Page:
Julie: I started smoking as a teenager and by the time I finally got around to quitting, I was up to two packs a day. Besides the fact that I smelled like a walking ashtray, my entire day was organized around when I could have a cigarette. At some point in my early twenties, I got scared when I noticed how out of breath I got while walking up a set of stairs. What would become of middle-aged me if 20-something me could barely make it up two flights of stairs? After a few false starts, I finally tried hypnosis. The hypnotherapist asked me two simple questions: When do you smoke? What do you get out of smoking? I loved that second question because it helped me realize that every bad behavior has a positive intention. I used smoking as a shot of courage before I had to do something that made me nervous—write a paper, schmooze at a cocktail party, speak in front of a crowd. Once I understood what smoking did for me without judgement, the hypnotherapist asked me to come up with something else. Getting a hug from my parents before school had always done the trick, so she hypnotized me to feel that hug--by just squeezing my fist every time I needed that shot of courage. It worked! And I never smoked again.

    Gretchen: Have you ever been hit by a lightning bolt, where you made a major change very suddenly, as a consequence of reading a book, a conversation with a friend, a milestone birthday, a health scare, etc.?

    Julie: I was having dinner maybe 12 or 15 years ago with my client and friend, Harriet. We were in a restaurant on Atlantic Avenue in Brooklyn, when an elderly woman, who was a friend of Harriet’s, happened to pass by. Harriet called out to the older woman, Mary, to come in say hello. Mary must have been 93 years old, but she was full of zip and smarts. Harriett, who delighted in people, said, “Mary, you’re 93, what wisdom have you learned in your life?” Mary said “Don’t pay good money for expert advice and not take it.” I instantly internalized that nugget of wisdom and from that day forward have never wasted time paying for good advice and not taking it. I just take it. It saves an enormous energy, second-guessing and worry—all time that can be put to much better use.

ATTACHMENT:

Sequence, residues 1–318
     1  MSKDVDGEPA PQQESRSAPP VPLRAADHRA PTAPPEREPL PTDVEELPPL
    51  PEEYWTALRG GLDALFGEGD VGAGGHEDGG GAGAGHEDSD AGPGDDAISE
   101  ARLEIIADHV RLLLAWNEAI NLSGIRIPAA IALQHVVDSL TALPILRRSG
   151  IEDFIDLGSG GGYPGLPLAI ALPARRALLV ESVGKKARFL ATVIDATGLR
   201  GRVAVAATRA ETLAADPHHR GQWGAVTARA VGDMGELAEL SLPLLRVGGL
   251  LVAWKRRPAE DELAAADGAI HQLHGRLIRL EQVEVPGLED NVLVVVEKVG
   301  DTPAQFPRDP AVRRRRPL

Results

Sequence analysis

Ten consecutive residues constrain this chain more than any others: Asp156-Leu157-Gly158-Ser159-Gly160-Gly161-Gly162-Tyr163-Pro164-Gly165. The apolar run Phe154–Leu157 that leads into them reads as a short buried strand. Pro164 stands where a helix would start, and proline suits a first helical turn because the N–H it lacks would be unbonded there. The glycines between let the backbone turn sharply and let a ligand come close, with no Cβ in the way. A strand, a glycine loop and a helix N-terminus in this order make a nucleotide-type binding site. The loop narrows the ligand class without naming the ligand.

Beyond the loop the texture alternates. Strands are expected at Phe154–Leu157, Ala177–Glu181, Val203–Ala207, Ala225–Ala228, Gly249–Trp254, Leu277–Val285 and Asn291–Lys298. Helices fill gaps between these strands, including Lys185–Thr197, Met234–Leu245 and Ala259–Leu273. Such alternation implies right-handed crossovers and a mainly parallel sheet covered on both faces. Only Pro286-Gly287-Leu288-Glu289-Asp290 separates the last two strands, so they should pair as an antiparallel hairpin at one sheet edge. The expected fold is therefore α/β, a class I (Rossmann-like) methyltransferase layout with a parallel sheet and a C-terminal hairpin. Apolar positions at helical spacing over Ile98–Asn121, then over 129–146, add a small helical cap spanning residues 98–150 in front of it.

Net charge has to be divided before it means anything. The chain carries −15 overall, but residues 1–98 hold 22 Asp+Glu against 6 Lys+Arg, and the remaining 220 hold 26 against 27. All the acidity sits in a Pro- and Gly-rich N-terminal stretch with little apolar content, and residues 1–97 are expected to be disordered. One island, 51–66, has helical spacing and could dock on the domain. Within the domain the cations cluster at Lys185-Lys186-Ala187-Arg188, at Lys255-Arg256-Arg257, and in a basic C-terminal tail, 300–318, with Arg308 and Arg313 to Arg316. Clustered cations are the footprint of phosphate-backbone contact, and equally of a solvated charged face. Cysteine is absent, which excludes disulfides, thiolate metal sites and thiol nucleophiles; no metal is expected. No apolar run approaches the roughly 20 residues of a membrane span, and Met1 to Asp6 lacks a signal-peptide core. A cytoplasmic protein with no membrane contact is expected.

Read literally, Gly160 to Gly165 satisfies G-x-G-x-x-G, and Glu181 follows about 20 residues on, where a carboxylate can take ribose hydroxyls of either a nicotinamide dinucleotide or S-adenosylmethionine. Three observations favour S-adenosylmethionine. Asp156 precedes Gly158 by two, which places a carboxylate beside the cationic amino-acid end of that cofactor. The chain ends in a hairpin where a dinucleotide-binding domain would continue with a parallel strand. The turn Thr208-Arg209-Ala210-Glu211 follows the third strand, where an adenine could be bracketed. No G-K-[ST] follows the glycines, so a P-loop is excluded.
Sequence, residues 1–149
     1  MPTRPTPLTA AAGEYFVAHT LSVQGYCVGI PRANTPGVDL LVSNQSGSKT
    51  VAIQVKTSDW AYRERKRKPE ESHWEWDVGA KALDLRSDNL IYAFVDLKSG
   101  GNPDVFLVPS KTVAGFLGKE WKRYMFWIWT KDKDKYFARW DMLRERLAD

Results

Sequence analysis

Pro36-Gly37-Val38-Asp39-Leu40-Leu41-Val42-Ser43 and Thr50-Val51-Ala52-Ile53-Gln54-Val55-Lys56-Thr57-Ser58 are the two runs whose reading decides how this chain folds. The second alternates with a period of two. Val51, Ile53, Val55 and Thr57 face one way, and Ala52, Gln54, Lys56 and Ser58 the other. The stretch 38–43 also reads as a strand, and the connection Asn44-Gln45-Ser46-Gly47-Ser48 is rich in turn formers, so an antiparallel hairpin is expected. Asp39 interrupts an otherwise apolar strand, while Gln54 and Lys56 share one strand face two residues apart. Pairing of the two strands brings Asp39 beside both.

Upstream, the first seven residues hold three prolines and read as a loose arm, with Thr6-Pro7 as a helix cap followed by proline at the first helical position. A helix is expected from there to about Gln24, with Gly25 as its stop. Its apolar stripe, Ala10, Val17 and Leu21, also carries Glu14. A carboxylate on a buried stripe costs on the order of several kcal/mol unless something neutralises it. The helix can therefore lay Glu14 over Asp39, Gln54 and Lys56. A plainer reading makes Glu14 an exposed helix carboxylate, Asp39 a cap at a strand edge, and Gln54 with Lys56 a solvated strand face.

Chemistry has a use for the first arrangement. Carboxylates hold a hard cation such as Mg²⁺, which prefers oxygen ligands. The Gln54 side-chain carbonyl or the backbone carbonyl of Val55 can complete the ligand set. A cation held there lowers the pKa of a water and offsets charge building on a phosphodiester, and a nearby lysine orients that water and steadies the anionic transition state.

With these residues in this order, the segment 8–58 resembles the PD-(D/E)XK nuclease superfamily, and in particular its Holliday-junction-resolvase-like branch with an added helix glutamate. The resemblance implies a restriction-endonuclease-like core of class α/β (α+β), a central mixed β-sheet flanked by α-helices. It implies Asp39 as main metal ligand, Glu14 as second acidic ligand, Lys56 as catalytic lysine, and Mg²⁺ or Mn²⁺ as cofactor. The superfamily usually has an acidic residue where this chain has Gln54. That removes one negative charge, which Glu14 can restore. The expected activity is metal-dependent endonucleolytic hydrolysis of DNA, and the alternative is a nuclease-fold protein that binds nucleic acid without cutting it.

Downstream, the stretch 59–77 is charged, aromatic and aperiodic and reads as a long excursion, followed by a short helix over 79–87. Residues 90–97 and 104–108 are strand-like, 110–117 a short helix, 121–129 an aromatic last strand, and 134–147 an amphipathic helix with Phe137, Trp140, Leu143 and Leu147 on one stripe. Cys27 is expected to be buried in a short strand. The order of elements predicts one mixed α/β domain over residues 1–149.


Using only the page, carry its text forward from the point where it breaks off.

Gretchen: Is there a particular motto or saying that you’ve found very helpful? (e.g., I remind myself to “Be Gretchen.”)

    Julie: Like everybody else on the planet, I struggle with the lure of distraction; especially when I’m working on a particularly challenging or daunting project. It’s easy to give into shiny objects in close proximity—my email, the Internet, anything else. When I feel myself gravitating away from a given task to my cell phone, I have a simple phrase that pulls me back into the moment: “Is that the highest and best use of my time?” The minute I ask myself that, I’m able to halt the gravitational pull from my iPhone (or my inbox) and be more engaged with the person or project at hand.

    Gretchen: In your field, is there a common misperception or incorrect assumption that you’d like to correct?

    Julie: Oh, yes! Two big things. First, people think organizing is about getting rid of things. That’s wrong. Decluttering is about getting rid of things. Organizing is about designing systems that give you access to what you use and love. It’s about designing systems that help you pursue your goals and live your life by making you more efficient in everything you need and want to do—whether it’s cooking a meal, getting dressed, running a business, getting your kids to soccer practice on time.

    The second misperception is that running the logistics for a family should be manageable for one person. Not so! Organizing for one person is hard enough. Setting up multi-user family systems—for people with different personalities, changing abilities and skills, goals—is incredibly hard for anybody, let alone mere mortals. The solution is to make systems that are simple, automated (when possible) and maintainable by a five-year old. And to share the workload of creating and maintaining a family’s systems—that’s one of the best ways for family members to take care of each other.

    timetoparent

     
  • feedwordpress 19:31:34 on 2016/03/09 Permalink
    Tags: , , , , mug, organization, , , , scratch-n-sniff, , ,   

    Podcast 55: The Problem of Switching Bags, Do You Prefer Long or Short Discussions, and Scratch-n-Sniffs. 


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    Happier Podcast #55 - Get your own mug!